As to encyclicals, the catechism quotes many encyclicals or parts thereof. Encyclicals are not infallible. Don’t make that mistake. However, encyclicals often discuss points that are infallible. For example, Humanae Vitae is not an infallible enyclical. But the sacredness of life is an infallible teaching. What the encylical says about the sacredness of life is actually restating an infallible doctrine. How the pope words his explanation is what we call commentary. That part is not protected under infallibility. The pope can explain something that is infallible in the most awkward manner or in a manner that only he understands what he’s saying. This of course will require restating or clarification. This certainly has happened with some parts of the catechism. The content is infallible, but the explanations have been poorly translated or poorly edited and had to go back for a second edition.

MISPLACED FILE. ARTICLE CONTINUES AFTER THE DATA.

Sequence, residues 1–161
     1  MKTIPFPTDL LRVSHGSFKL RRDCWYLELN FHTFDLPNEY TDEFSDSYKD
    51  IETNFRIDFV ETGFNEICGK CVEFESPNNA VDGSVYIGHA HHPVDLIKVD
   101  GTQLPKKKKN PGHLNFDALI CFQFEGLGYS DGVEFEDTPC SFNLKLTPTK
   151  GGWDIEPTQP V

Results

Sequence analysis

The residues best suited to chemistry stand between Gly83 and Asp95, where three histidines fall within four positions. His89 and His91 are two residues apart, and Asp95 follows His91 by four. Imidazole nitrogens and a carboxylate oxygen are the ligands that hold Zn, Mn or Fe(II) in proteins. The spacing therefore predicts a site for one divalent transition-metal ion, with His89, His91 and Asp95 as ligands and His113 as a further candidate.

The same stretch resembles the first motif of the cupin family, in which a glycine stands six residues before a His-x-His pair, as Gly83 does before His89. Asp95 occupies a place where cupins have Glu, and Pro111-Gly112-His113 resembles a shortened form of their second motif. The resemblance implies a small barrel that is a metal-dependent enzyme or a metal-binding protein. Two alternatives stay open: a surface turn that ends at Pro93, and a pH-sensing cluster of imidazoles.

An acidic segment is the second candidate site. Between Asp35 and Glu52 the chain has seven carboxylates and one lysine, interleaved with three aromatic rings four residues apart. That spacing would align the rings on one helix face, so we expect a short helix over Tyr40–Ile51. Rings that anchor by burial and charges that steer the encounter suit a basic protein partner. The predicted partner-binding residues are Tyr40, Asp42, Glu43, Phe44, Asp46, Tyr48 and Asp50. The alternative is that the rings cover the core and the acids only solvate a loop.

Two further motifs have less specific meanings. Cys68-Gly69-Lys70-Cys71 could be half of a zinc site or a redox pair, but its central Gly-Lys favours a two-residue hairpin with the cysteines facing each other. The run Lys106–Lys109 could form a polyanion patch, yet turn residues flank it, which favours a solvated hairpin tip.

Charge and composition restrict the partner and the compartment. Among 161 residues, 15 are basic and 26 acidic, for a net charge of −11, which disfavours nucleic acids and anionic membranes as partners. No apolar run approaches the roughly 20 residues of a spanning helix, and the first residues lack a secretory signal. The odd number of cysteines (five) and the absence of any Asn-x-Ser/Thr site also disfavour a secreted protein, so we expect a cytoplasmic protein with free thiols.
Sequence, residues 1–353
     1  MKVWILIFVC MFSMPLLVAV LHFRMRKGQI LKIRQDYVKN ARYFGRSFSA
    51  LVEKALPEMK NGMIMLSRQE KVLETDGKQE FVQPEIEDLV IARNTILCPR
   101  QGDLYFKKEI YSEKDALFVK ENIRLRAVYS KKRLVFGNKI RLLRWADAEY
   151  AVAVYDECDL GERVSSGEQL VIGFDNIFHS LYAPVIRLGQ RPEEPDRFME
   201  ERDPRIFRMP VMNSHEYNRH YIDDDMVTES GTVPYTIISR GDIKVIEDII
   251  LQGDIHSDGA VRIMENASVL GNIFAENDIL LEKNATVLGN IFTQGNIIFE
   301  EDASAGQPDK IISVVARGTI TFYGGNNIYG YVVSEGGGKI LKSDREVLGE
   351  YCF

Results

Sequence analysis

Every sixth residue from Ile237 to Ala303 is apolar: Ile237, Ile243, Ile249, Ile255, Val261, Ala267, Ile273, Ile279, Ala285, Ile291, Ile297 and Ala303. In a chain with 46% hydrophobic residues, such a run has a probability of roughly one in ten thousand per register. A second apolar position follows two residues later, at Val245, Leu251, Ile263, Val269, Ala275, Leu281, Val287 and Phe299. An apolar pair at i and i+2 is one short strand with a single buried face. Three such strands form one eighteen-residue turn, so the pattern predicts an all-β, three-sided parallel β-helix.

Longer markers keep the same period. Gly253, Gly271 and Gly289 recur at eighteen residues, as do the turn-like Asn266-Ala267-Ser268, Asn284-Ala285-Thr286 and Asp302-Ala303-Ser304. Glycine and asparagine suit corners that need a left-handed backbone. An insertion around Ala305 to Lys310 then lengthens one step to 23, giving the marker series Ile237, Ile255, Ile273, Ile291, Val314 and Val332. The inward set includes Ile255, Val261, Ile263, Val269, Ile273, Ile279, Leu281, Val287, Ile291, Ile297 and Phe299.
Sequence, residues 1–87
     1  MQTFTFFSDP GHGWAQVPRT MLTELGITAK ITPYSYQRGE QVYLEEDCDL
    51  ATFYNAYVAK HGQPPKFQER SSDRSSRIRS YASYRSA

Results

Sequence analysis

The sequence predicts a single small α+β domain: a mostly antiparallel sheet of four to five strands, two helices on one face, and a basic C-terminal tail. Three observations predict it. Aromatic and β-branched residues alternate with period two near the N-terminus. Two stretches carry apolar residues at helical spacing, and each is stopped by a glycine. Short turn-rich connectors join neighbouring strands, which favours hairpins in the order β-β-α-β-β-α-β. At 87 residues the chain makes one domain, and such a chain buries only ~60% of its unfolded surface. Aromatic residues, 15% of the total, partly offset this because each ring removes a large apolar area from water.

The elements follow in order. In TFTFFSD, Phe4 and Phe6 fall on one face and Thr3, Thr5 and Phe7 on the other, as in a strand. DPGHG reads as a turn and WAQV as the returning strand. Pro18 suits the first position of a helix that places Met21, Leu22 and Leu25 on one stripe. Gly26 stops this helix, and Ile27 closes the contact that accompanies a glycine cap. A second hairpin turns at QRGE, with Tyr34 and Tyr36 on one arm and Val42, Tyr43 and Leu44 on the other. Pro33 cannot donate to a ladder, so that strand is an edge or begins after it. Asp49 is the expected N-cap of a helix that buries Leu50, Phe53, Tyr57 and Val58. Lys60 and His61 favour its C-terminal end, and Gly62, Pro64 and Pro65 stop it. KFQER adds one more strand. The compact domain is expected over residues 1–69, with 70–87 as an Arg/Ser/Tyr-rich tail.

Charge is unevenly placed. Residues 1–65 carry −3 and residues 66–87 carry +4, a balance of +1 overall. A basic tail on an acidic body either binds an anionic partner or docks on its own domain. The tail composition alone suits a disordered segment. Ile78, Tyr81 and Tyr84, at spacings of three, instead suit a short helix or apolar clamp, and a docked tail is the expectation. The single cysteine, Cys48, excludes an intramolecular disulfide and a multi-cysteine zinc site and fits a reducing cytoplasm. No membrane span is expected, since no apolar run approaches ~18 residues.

Finally, the Catechism of the Catholic Church is composed by human beings, but its content is revealed truth. Revealed truth is infallible.

The Sacred Congregation can make mistakes in grammar, syntax, semantics, even in its use of references, but the truth contained in the Catechism is not the fabrication of the Sacred Congregation. It has been handed down to us through the ages through revelation. Is that clearer?

Fraternally,

Br. JR, OSF :slight_smile:

Thank you Brother for taking the time to explain this. As always, your posts are most enjoyable to read and very educational.